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SILENT BUT DEADLY

Before BP can cut methane, it has to measure it

Oil pumps can be a major source of methane leaks.
AP photo/Eric Gay, File
Workers tend to oil pump jacks behind a natural gas flare near Watford City, N.D. Oil pumps can be a major source of methane leaks.
  • Tim McDonnell
By Tim McDonnell

Climate reporter

This story has been updated to reflect new details from BP about its methane monitoring goals.

On Wednesday morning, fossil fuel behemoth BP rolled out a suite of new greenhouse gas reduction targets. Overall, the company plans to make its carbon footprint net zero by 2050—in other words, offsetting at least the volume of emissions released by its remaining oil and gas facilities.

The plan also takes aim at a notoriously overlooked kind of emission: methane, a greenhouse gas that is much less common than CO2 but has up to 80 times the heat-trapping power. Overall, methane is responsible for up to one quarter of man-made global warming.

A 2018 study in Science found that the US oil and gas industry emits 13 million metric tons of methane from its operations each year, much of that from leaky drilling and processing equipment. BP first promised to cut its total methane emissions in 2018, to no more than 0.2% of the volume of its natural gas production, and claimed to reach that target last year.

With the new plan, BP says it will cut that level in half by an unspecified date. And it hints at the company’s strategy for getting there: It promises to install methane measurement and monitoring equipment at “all our major oil and gas processing sites by 2023.”

That’s a critical goal, because almost all industry data on methane comes from back-of-the-envelope estimates and not objective real-time data, said Ben Ratner, a senior director at the Environmental Defense Fund who specializes in methane. Accurately measuring methane is the first step to cutting it, and new technologies are coming online to help, including laser scanners and satellites, with the help of a range of American and European space agencies, research universities, and private tech companies.

In an email, BP spokesperson Megan Baldino acknowledged that “one of the criticisms of our industry’s estimation of methane emissions is that to date it has been primarily based on engineering estimations rather than actual measurements.” The company’s plan to correct that, she said, is “to install methane measurement at all BP’s major oil and gas processing sites by 2023.”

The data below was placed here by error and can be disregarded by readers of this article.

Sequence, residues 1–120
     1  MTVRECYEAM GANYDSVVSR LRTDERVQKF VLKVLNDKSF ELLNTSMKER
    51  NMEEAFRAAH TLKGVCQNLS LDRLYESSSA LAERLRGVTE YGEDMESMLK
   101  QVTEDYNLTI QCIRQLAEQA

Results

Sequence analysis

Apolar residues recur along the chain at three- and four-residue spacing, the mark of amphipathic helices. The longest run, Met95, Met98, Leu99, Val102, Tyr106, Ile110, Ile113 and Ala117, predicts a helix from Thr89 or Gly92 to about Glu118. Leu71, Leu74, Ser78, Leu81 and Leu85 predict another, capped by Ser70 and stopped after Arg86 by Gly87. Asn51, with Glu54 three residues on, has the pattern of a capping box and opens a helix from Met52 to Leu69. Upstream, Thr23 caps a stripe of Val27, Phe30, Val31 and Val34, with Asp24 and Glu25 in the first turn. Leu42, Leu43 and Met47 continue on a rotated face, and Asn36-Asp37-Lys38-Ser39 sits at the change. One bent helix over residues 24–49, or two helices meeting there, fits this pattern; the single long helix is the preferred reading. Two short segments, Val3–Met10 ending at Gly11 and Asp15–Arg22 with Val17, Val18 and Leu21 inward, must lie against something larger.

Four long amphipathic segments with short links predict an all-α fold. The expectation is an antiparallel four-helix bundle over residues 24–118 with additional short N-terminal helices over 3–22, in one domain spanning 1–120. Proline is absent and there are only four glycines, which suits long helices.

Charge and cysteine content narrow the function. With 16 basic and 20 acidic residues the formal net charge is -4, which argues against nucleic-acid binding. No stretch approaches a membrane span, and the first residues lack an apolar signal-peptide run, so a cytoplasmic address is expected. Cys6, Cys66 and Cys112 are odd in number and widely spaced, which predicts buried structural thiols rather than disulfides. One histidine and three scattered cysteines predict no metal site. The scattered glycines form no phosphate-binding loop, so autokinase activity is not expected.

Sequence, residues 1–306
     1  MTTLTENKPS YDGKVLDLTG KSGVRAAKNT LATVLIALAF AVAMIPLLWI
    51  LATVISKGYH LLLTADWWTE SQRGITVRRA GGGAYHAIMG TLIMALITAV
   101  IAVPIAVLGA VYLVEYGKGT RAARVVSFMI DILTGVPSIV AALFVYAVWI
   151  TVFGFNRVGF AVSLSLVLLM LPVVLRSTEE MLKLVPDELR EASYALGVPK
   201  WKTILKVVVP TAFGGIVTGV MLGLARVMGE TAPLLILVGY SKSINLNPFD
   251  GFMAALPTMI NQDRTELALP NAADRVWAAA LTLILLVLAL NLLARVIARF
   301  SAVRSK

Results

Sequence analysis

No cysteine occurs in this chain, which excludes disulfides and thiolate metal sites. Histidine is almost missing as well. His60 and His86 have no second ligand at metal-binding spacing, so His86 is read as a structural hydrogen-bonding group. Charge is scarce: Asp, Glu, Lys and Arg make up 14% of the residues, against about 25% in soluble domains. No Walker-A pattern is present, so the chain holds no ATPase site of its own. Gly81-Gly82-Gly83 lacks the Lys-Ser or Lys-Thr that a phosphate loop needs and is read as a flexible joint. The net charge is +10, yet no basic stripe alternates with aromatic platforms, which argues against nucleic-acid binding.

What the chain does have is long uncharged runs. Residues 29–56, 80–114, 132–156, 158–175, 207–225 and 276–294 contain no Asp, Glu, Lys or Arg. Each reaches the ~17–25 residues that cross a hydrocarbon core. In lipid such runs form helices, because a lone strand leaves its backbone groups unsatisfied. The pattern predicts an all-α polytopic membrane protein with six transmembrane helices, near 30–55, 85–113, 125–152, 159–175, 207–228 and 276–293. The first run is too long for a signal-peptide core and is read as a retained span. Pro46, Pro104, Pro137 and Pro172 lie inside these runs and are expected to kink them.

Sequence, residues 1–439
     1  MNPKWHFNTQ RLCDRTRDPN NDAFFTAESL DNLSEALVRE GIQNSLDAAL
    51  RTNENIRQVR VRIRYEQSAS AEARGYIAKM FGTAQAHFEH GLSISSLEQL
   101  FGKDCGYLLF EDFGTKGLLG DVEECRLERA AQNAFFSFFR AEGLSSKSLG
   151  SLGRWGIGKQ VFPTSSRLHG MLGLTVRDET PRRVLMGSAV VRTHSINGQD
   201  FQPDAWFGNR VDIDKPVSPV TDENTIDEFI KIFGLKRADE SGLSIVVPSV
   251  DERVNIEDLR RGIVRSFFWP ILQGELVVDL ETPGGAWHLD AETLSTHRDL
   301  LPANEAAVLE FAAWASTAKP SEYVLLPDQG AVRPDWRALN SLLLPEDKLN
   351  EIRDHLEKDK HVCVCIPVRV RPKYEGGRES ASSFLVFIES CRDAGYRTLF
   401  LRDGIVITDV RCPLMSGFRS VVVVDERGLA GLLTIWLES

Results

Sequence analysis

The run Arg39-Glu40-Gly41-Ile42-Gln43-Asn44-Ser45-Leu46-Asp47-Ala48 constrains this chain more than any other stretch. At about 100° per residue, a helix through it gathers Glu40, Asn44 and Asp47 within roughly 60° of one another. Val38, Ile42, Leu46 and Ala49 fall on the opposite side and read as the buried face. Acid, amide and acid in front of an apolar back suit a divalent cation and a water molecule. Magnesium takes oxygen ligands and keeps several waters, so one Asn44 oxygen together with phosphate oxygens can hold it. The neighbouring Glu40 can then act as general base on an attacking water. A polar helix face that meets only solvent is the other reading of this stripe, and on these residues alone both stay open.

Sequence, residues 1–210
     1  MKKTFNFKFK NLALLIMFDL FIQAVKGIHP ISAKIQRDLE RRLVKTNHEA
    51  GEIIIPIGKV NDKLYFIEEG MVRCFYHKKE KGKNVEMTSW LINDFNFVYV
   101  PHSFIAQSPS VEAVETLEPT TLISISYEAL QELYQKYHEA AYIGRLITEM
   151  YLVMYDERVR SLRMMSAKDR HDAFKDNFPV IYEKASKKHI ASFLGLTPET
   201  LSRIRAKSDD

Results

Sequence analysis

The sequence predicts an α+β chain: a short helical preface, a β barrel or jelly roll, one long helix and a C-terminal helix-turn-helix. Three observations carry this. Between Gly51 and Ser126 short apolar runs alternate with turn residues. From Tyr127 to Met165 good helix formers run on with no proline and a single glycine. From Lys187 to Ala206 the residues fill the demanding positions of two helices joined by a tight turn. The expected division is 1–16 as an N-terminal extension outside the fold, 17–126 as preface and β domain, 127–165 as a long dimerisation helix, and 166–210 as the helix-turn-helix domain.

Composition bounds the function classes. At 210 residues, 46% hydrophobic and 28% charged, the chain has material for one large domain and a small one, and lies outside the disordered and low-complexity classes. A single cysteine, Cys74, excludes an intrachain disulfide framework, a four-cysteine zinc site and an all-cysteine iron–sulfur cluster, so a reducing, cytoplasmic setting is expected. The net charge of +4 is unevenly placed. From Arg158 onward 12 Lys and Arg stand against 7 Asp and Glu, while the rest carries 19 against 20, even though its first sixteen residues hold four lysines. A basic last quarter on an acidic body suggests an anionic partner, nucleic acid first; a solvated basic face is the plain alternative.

In the fossil fuel industry, oil and gas processing sites typically refer to facilities where oil and gas are cleaned of impurities and readied for sale. Shortly after the goal was announced, Ratner pointed out to Quartz that BP’s focus on “major processing sites” could exclude the biggest source of methane emissions: production facilities, where it can leak from wellpads. 

“For BP to credibly demonstrate that they’re meeting the target, they need to measure and mitigate methane from all their facilities—period,” he said.

According to the 2018 Science paper, across the oil and gas industry as a whole, processing facilities account for only around 5 percent of methane emissions. Production sites, meanwhile, account for nearly 60 percent. In addition to production and processing, other sources include distribution pipelines and storage facilities.

On Thursday morning, after an earlier version of this story was published, Baldino clarified that BP’s goal “definitely includes,” in fact, production sites like leaky wells and wellpad equipment. As for other steps in the production chain, she said, “we don’t have that level of detail at the moment.”

In corporate time, at least, BP’s self-imposed deadline for its broader net-zero goal, 2050, is still eons and many CEOs away. So it remains to be seen whether BP—the number-three most-climate-polluting private oil company of all time—will be able to clean up its act.

But for what it’s worth, the announcement is the most ambitious yet from the major oil companies. Shell, Total, and others have committed to reducing their carbon intensity (emissions per unit of production), but not eliminating them entirely. Spanish oil producer Repsol announced a commitment similar to BP’s in December, but its operations are much smaller and more localized—making its emissions easier to offset through carbon capture, reforestation, and the like.

Significantly, the BP plan also promises to halve the intensity of its “downstream” emissions—those that result from its customers burning the fuel it produces. Those emissions account for the vast majority of all fossil fuel companies’ total footprint (Chevron and Exxon have so far both sought to avoid responsibility for those emissions).

The plan promises an overhaul of BP’s public messaging, including an end to “corporate reputation advertising” and a threat to exit trade associations like the American Petroleum Institute if their philosophy is out of “alignment” with the company’s.

BP has often been ahead of its peers in piloting methane monitoring equipment and trying to curb emissions, Ratner said: “What needs to happen now is going from piloting to broad and comprehensive deployment.”

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